DC Universe Signature Series: Superboy by Mattel

It’s been over three years since a DC Signature Series figure last appeared here on FFZ. This line was Matty’s noble attempt to keep DC Universe Classics going as a subscription line after it was pulled from the toy aisles for reasons that still don’t make any sense to me, but that’s an issue that I’ve tackled here before and I won’t go into it again now. Anyway, the subscription didn’t get enough support to go forward in 2014, but Matty still released a handful of figures that were already far along in production. One of those was Connor Kent and he was offered up as part of Matty’s going out of business sale at the end of last year.


While the figures were designed to fit right in with DC Universe Classics, the presentation got a complete overhaul. And, boy, the packaging for this line was great. You get a collector friendly window box with character art on the side panel so you can identify the figure if you have the boxes all lined up on the shelf. The back panel features another piece of character art and a blurb about the character.


Superboy features a nice balance between simple buck and unique sculpting. The upper body is just a muscled buck with the black, short sleeved T-shirt painted on and the red S-Shield stamped in the middle. It looks great, and the size really fits the younger, albeit still buffed out, character.


From the waist down, we get sculpted jeans with a simple belt. There are plenty of rumples in the jeans, and I dig how the actual seams on the upper legs are lined up to match the sculpted seams of the jeans on the lower legs. The jeans end in cuffs, left outside of his black boots. Again, there’s nothing outrageous about the sculpt here, but everything works so well. It’s just a great, simple, and clean looking figure.



The portrait is notably more mature than the last Superboy we got in the DC Universe Classics series. It’s also a bit more stylized than I’m used to seeing in this line. With all that having been said, I still like it and I think it works well. The head sculpts in this line were usually solid efforts, and Connor here is no different.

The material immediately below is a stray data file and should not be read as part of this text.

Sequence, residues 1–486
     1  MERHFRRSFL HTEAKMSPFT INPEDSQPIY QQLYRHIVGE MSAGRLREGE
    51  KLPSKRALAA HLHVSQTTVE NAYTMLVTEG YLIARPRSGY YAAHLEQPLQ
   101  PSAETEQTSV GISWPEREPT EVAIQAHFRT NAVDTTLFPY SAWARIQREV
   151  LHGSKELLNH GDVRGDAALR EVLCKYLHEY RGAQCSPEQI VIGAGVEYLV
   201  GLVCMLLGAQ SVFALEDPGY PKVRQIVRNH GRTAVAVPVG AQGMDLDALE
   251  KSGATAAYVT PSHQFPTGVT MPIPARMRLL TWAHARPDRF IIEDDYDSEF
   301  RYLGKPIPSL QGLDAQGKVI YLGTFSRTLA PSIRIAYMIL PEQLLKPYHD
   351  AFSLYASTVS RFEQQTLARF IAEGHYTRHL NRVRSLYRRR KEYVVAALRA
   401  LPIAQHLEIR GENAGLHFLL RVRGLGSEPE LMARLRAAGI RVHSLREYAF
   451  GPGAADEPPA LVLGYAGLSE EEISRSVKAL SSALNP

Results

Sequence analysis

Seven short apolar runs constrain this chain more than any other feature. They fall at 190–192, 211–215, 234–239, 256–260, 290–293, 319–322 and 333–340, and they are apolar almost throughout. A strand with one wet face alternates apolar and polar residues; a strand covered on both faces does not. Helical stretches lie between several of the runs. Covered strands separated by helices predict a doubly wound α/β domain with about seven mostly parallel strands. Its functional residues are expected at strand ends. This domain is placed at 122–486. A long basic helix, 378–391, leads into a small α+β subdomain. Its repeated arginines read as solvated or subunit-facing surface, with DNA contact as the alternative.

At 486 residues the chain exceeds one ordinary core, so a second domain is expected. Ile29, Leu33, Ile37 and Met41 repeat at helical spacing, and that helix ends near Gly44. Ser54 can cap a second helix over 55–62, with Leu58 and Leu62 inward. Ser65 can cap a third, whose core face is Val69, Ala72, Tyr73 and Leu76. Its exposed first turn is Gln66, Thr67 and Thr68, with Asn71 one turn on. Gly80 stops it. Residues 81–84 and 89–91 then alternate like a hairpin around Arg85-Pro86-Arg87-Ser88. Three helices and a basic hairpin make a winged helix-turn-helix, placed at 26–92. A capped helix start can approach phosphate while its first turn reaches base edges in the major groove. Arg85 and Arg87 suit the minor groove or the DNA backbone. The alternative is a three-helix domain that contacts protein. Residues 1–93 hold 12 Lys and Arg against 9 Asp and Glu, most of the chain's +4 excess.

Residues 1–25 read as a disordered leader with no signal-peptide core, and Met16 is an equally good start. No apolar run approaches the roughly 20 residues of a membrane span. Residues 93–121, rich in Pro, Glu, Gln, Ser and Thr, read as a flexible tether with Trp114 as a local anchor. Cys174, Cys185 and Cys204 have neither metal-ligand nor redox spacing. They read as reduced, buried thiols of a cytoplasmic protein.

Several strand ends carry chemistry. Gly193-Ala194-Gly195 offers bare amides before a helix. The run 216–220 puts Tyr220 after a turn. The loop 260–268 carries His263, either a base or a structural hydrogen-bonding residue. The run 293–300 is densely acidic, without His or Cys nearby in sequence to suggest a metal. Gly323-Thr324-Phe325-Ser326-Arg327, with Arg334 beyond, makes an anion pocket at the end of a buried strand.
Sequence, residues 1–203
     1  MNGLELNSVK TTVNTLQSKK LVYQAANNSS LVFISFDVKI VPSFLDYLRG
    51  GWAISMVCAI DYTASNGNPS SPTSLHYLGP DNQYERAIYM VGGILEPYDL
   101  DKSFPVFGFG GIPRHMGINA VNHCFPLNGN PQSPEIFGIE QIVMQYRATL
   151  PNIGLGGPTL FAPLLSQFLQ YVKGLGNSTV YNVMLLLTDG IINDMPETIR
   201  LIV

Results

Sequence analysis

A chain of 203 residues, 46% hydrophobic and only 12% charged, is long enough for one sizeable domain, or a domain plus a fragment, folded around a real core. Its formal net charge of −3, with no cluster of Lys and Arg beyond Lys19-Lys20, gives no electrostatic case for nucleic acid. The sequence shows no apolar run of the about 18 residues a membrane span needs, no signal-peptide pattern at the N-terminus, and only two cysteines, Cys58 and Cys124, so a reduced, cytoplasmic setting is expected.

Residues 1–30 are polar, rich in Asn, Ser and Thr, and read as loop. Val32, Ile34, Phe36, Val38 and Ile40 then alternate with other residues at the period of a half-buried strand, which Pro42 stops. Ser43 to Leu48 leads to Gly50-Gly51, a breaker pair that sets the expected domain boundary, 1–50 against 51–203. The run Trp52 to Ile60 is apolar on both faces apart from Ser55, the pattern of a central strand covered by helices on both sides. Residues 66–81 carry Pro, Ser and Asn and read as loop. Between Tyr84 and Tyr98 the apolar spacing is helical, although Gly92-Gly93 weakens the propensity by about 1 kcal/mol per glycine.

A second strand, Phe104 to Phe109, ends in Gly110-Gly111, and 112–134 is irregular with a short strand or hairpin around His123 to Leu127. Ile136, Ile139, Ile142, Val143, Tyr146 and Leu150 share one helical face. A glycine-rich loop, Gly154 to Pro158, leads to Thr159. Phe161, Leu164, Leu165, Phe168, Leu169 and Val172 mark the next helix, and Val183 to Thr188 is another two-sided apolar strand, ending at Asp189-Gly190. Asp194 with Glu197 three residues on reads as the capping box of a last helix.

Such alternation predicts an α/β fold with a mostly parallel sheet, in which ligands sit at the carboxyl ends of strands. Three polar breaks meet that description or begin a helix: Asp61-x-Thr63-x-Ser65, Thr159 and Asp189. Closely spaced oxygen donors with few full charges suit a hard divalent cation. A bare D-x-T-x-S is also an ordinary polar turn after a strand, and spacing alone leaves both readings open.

The articulation here reaches back to the DCUC line and really scratches that nostalgic itch. The arms have rotating hinges in the shoulders, swivels in the biceps and wrists, and hinges in the elbows. The legs have that funky DCUC style hips, the knees and ankles are hinged, and there are swivels in the thighs. There’s a swivel in the waist, an ab crunch hinge in the torso and a ball joint on the neck.






Connor was one of those figures that fell under my radar. I remember being disappointed at not getting him when the 2014 subscription failed, but somehow I missed him when Matty initially put him up for sale. Lucky for me they had some stock left over at the end, and I was able to drop him into my cart along with the short list of MOTUC figures that I still needed, making my Signature Collection now complete. The only problem with getting a figure like this one is that now I want to hit Ebay and hunt down the elusive DCUC figures that I’m still missing.

DC Universe Signature Collection: Ice by Mattel